It seems inescapable that those variables will always come into play with The Hour Record, but that's part of the game, I suppose. Any close victories will be viewed through that lens, but what could be done to mitigate such things? Even if all the record attempts were forced to take place in the same venue, would they then have to narrow it down to a margin of acceptable environmental conditions such as temp, humidity and air pressure?

    On one hand, the argument could be made that the record itself is somewhat meaningless because of such variables. On the other, it could be argued that getting all the variables to align to one's advantage is just part of the overall equation.

    I'm not sure exactly where my personal beliefs are on the matter. I still find some excitement in watching these attempts, although I'm honestly not entirely sure why!
     :P
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  • Servais Knavendish

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    Re: The Hour record
    « Reply #335 on: April 17, 2019, 15:00 »
    I still find some excitement in watching these attempts, although I'm honestly not entirely sure why!
     :P

    Yes agree with you on that  - and also not at all sure why!
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  • LukasCPH

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    Re: The Hour record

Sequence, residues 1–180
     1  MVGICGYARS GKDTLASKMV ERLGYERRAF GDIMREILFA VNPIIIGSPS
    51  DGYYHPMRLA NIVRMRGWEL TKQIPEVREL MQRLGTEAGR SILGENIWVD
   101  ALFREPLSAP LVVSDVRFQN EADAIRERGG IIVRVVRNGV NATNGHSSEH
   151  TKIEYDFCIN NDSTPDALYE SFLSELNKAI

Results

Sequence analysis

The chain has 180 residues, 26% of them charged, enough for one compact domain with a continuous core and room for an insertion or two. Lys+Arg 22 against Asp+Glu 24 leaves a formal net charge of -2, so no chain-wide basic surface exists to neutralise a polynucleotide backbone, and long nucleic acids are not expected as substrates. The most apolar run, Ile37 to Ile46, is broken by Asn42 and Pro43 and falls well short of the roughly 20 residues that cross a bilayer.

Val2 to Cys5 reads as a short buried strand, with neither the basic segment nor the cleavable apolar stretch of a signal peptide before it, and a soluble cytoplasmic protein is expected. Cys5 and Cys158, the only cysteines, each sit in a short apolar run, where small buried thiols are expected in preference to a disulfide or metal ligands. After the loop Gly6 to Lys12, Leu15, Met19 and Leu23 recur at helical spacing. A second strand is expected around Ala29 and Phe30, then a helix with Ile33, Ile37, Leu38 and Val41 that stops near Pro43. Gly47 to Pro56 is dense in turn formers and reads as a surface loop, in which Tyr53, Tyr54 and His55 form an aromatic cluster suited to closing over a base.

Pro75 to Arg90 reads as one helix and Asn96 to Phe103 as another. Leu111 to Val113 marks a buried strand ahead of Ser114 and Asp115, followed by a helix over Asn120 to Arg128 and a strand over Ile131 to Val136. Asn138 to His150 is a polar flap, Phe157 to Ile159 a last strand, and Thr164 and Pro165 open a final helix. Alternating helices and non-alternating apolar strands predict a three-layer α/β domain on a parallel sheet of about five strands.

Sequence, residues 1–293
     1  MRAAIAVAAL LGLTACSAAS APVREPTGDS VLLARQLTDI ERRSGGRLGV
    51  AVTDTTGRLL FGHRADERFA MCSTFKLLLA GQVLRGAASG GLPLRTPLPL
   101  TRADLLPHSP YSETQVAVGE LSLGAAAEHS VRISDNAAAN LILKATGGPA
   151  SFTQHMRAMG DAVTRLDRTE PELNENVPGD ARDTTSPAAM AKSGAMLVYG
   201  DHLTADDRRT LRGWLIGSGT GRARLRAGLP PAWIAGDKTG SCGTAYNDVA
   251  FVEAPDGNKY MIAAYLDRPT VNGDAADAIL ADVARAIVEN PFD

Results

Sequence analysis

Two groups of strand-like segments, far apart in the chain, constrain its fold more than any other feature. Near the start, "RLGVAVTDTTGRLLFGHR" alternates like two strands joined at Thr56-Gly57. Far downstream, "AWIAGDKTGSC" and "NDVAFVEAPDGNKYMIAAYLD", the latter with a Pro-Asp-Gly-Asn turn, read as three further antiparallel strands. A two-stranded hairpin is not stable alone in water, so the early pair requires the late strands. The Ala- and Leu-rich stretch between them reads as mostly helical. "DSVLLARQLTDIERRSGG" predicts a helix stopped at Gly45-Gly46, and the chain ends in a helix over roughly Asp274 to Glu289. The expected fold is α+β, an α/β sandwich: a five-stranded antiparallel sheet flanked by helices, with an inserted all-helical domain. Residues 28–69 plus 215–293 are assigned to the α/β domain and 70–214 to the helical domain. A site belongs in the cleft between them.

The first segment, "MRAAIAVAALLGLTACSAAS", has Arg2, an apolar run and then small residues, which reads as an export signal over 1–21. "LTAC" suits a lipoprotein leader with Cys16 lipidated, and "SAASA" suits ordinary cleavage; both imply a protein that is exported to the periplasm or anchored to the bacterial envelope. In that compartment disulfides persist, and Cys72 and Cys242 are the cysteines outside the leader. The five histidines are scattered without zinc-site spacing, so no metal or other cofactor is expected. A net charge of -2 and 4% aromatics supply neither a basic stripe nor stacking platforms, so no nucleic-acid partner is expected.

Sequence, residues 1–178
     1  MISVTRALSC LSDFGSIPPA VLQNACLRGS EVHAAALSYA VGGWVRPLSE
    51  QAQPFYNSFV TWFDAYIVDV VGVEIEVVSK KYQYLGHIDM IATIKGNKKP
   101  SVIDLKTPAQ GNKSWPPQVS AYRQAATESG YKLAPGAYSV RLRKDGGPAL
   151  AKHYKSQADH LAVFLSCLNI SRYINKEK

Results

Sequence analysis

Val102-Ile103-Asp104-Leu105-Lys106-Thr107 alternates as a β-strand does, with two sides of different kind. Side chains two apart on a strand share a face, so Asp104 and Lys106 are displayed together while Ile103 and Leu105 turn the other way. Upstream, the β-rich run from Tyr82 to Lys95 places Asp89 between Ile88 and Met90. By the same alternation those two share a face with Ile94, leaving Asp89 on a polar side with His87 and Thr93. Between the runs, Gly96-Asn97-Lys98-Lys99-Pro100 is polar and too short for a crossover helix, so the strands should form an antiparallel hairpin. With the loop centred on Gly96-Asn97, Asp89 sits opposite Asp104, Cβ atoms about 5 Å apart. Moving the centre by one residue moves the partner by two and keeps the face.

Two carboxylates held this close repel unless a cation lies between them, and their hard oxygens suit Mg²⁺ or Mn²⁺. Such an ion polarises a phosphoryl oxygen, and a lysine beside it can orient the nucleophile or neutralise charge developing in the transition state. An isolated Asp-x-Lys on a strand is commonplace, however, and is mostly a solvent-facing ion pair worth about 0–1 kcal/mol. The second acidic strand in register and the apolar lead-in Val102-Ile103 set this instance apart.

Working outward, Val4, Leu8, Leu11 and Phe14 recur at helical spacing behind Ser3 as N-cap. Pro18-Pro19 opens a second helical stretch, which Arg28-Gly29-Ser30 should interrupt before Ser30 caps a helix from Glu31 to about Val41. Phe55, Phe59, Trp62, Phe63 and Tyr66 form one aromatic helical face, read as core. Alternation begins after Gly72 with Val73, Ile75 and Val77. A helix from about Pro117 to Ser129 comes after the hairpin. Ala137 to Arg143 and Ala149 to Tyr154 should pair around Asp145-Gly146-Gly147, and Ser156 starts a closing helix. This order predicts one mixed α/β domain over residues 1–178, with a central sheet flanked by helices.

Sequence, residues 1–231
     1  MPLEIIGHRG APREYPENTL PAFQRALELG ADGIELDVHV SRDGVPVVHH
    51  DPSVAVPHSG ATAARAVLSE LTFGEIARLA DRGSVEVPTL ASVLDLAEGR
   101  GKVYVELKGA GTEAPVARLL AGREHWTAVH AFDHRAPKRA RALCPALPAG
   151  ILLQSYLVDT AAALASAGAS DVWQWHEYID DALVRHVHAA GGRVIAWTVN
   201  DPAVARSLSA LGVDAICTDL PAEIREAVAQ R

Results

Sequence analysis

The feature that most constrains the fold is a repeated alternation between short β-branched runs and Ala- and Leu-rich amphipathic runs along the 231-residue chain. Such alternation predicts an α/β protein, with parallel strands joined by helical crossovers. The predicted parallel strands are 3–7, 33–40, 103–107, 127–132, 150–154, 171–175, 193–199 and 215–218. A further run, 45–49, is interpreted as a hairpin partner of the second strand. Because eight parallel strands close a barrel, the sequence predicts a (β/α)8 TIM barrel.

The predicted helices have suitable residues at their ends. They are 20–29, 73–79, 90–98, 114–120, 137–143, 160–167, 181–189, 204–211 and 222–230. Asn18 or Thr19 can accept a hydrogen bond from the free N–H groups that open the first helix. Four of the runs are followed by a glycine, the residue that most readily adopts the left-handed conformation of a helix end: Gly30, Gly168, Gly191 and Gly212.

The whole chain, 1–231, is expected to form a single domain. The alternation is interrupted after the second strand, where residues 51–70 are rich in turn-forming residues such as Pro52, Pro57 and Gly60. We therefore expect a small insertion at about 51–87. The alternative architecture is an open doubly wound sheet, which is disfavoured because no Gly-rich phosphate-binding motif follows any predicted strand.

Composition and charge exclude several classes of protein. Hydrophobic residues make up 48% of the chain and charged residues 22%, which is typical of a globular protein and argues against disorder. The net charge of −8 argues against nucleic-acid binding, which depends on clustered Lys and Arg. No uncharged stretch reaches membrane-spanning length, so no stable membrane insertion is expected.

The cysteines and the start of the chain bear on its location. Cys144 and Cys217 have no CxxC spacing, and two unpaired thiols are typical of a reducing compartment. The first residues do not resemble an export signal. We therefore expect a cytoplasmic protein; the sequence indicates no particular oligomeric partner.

« Reply #336 on: April 17, 2019, 22:21 »
    The commentator is, uh, well, I guess the focus should be on the rider anyway.
    :lol

    Chapeau, Victor Campenaerts.
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    Joelsim

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    Re: The Hour record
    « Reply #337 on: April 17, 2019, 22:24 »
    Well done Victor for completing the hour in just 59 minutes and 32 seconds.
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  • Armchair Cyclist

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    Re: The Hour record
    « Reply #338 on: April 18, 2019, 11:09 »
    As long as the same venues are available to everyone (and that seems to be the case with Mexico), then I believe that's the equivalent of "a level playing field." Riders are free to choose where they do this.

    Three factors come into play though: Air pressure, temperature and humidity. In that linked CN article, it mentions that, "[Wiggins] set a distance of 54.526km, well below the 55km mark he hoped to achieve due to unfavourable atmospheric pressure." So had the barometer been different that day, the overall conditions may well have been in Bradley's favor.

    It seems inescapable that those variables will always come into play with The Hour Record, but that's part of the game, I suppose. Any close victories will be viewed through that lens, but what could be done to mitigate such things? Even if all the record attempts were forced to take place in the same venue, would they then have to narrow it down to a margin of acceptable environmental conditions such as temp, humidity and air pressure?

    On one hand, the argument could be made that the record itself is somewhat meaningless because of such variables. On the other, it could be argued that getting all the variables to align to one's advantage is just part of the overall equation.

    I'm not sure exactly where my personal beliefs are on the matter. I still find some excitement in watching these attempts, although I'm honestly not entirely sure why!
     :P

    The obvious solution would be for several people to make their attempts at the same time, in the same place.

    They might even be able to draft off each other and go even faster...
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  • Drummer Boy